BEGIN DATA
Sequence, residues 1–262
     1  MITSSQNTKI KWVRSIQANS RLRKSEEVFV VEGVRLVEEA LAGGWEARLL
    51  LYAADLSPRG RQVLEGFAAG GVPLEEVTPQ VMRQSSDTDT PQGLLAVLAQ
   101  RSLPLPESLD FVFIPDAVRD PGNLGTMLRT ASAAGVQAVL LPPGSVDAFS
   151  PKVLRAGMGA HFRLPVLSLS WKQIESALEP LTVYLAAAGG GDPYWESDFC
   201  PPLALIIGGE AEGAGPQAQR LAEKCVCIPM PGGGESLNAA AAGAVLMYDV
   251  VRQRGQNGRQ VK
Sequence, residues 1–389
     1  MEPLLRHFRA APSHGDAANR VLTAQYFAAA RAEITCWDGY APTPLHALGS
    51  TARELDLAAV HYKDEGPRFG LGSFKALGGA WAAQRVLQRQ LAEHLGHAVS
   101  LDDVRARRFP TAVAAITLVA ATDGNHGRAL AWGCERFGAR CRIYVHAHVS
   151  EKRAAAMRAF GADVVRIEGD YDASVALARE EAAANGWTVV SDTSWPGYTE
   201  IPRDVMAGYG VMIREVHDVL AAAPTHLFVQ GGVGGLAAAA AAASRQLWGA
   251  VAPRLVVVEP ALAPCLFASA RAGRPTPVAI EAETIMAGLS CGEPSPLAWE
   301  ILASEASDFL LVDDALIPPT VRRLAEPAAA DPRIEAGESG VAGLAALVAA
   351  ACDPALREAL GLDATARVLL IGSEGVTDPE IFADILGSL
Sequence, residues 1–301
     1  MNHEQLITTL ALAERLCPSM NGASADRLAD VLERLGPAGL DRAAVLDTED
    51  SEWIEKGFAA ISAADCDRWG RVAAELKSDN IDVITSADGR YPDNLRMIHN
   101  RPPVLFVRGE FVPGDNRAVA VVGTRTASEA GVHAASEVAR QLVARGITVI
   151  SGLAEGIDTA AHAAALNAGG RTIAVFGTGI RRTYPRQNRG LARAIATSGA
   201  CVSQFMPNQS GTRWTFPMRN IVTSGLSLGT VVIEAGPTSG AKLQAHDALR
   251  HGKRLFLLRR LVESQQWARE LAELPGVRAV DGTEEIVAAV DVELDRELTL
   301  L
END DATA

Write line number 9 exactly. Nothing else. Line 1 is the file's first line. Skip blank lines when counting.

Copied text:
     1  MEPLLRHFRA APSHGDAANR VLTAQYFAAA RAEITCWDGY APTPLHALGS